After missing the playoffs, the Washington Wizards are already setting their sights on NBA free agency and how to retain their top free agent, Bradley Beal. Beal, and teammate John Wall, have made for a lethal backcourt duo when on the floor together in Washington. However, susceptible bench depth and coaching has diminished any chance that the Wizards have had of making a playoff run. Now, with a new head coach signed, Washington has turned their attention to keeping their backcourt duo intact.
Recently, Beal discussed his future with the Washington Post and was clear about his expectations for this offseason.
“I feel like I’m a max player and that’s what I’m looking for. If Washington can’t meet that requirement then I may be thinking elsewhere. I’m pretty sure that they probably won’t [let me go]. At the end of the day, that’s where I want to be. I think a deal will probably get done but you just never know.”
According to the Washington Post, Beal will not have to look elsewhere like he thought could have become a possibility.
“The Wizards are expected to offer Beal a five-year deal for the maximum amount allowed under the salary cap as soon as the free agent negotiating period kicks off on July 1, according to people with knowledge of the situation.”
Like nearly every other team in the league, the Wizards will have a large chunk of cap space this summer. This space, due to a massive increase in the salary cap, will benefit teams that would be near the limit in previous years. Because of this, Washington will have to be extra careful with Beal as other teams will certainly be interested as well.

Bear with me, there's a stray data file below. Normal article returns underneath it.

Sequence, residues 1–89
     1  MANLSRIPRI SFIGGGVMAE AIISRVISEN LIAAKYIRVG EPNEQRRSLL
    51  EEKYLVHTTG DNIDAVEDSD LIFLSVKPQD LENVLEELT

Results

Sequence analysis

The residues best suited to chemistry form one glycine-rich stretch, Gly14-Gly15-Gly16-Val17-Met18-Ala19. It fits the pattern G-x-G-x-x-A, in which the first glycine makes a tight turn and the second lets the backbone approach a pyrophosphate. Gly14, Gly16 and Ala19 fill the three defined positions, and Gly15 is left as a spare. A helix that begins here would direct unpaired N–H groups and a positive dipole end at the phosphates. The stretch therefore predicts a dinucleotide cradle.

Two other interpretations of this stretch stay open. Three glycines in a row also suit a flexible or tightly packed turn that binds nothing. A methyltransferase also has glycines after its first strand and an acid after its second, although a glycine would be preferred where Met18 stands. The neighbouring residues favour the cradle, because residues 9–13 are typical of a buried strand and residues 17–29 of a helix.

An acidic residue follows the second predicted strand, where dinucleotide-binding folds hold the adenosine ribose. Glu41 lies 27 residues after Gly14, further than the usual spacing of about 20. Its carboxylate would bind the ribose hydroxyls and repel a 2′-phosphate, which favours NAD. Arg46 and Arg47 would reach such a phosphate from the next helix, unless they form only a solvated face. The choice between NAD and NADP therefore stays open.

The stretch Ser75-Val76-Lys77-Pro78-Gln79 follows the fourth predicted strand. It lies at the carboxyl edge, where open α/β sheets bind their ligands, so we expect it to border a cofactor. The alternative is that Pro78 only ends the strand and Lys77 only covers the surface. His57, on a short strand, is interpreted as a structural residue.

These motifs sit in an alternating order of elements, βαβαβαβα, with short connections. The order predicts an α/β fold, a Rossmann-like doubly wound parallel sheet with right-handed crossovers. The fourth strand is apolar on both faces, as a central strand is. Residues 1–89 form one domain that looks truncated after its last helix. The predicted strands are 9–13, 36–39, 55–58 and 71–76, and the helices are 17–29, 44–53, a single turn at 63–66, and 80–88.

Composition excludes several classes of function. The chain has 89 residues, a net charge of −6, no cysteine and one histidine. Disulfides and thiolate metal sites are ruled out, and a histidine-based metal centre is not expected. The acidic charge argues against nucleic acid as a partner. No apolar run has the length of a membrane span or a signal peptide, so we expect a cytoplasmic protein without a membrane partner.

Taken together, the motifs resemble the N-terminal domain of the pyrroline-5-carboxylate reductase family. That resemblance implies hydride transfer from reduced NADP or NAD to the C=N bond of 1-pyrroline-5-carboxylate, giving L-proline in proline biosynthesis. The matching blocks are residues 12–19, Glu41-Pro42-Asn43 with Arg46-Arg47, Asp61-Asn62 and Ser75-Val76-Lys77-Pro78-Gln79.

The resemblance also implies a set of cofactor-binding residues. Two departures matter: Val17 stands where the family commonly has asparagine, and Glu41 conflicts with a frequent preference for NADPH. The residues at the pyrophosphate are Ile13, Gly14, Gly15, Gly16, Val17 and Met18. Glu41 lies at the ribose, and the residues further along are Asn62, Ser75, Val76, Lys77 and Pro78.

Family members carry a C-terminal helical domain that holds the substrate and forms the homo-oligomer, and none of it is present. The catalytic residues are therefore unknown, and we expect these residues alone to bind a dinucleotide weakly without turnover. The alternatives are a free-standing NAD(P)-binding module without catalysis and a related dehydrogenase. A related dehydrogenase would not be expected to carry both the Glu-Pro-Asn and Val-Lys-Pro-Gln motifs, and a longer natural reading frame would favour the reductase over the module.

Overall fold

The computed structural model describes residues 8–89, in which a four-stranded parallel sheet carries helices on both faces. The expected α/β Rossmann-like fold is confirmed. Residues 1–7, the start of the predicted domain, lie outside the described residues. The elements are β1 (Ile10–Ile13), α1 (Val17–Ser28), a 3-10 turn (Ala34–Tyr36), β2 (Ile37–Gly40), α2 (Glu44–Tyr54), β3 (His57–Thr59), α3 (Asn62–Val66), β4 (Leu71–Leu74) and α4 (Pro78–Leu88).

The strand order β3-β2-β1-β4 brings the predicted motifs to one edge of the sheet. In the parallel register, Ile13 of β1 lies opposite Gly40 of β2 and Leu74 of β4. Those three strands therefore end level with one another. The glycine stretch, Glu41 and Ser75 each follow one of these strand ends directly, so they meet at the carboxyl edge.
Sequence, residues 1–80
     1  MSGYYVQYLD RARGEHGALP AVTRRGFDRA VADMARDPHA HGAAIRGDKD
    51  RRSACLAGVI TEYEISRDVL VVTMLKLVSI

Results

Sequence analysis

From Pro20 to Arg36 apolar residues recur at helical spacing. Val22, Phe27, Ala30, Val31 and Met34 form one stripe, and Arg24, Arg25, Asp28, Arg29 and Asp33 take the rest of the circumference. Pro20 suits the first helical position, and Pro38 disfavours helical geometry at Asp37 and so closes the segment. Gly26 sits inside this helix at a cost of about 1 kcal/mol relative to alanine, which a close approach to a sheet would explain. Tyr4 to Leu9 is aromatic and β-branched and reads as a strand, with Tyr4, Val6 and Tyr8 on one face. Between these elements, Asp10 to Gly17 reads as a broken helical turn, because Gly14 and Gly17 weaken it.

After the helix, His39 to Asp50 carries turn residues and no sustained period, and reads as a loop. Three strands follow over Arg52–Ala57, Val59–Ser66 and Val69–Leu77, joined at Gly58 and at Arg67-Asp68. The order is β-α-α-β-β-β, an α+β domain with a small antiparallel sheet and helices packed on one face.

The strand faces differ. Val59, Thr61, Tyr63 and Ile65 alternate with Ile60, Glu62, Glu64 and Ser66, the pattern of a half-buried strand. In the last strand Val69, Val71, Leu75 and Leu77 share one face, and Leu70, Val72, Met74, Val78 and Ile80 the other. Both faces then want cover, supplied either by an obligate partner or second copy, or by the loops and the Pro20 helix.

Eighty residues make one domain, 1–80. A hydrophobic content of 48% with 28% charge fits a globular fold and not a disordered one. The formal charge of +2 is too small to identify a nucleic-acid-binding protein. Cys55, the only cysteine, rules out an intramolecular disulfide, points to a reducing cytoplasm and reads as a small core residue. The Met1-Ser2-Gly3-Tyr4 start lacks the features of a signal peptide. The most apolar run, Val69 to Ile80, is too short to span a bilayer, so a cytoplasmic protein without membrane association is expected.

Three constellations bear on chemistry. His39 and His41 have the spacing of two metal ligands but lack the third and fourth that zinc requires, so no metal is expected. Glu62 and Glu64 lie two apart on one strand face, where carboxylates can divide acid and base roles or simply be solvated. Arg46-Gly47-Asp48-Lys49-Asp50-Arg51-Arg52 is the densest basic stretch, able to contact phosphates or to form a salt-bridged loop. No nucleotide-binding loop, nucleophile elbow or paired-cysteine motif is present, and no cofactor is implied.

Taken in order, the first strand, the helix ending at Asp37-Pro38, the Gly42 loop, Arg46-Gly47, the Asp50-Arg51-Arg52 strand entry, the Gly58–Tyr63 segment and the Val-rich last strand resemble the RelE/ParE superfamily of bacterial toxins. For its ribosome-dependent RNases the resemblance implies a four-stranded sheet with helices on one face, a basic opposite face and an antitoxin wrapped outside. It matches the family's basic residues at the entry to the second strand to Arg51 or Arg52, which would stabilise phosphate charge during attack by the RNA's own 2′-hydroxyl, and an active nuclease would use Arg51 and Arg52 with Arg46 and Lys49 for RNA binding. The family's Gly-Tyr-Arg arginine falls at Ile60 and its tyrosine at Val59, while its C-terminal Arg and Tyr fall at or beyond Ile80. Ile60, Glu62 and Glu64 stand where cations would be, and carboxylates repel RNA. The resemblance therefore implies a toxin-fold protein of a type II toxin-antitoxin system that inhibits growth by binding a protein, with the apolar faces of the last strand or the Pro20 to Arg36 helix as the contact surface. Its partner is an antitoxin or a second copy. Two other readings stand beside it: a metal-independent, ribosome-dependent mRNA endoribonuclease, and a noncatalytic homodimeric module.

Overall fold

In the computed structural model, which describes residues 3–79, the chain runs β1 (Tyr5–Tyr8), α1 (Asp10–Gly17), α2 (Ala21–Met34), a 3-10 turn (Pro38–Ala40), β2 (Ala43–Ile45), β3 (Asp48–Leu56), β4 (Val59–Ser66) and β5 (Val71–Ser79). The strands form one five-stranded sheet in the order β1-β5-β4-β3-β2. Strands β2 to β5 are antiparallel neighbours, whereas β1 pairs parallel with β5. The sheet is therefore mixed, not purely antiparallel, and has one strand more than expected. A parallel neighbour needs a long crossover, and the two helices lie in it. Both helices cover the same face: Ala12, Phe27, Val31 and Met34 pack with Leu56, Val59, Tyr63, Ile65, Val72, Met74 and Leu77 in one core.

New @ HP: Everyone gets a max contract — and yes, that includes Bradley Beal https://t.co/ooJSKP3xOb
— Hardwood Paroxysm (@HPbasketball) May 25, 2016
Given last season’s disappointment, many fans will question Beal as a max contract player. After finishing with the No. 5 seed the season before, Washington fell of a cliff under Randy Wittman in 2016, finishing with only 41 wins. The disparity between seasons revolved around Beal’s health, as he went through another injury-riddled year. He appeared in only 55 games and only started 35 contests. After another season highlighted by missed time, Beal has yet to log more than 73 games in his brief NBA career, a questionable trend for the 22-year-old shooting guard.
However, when he played, Beal reminded fans why he is still so highly coveted. In the 55 games he played in, he produced better numbers than ever. He tallied 20.2 points and 3.4 assists per 36 minutes in his most efficient shooting season, according to Basketball-Reference. His true shooting mark of 54.7 percent was easily the highest of his career, and this improvement was helped by a career-high 48.1 percent two-point field goal percentage.
— SLAM Magazine (@SLAMonline) May 27, 2016
It is clear that Washington is hoping Beal will extend this production over a full season. Looking back, the 2015 NBA Playoffs are another example of just how dominant Beal can be when fully healthy and fully engaged on the task at hand. In these 10 games, Beal demonstrated his defensive ability, which seems to sway on most nights. Additionally, Beal produced a 29.5 percent free throw rate, and 25.0 percent of his shots came within three feet of the basket according to Basketball-Reference. This spurt showed that Beal was able to get to the rim and to the free throw line, an important skill for him to keep defenders honest.
Having seen that type of production, there is no question why the Wizards are looking to re-sign Beal. However, even after retaining him, concerns will still surround Beal and Washington as a whole. After retaining Beal, the Wizards will have to shore up their depth off the bench with notable role players like Nene and Jared Dudley likely leaving.
[Photo by Kevin C. Cox/Getty Images]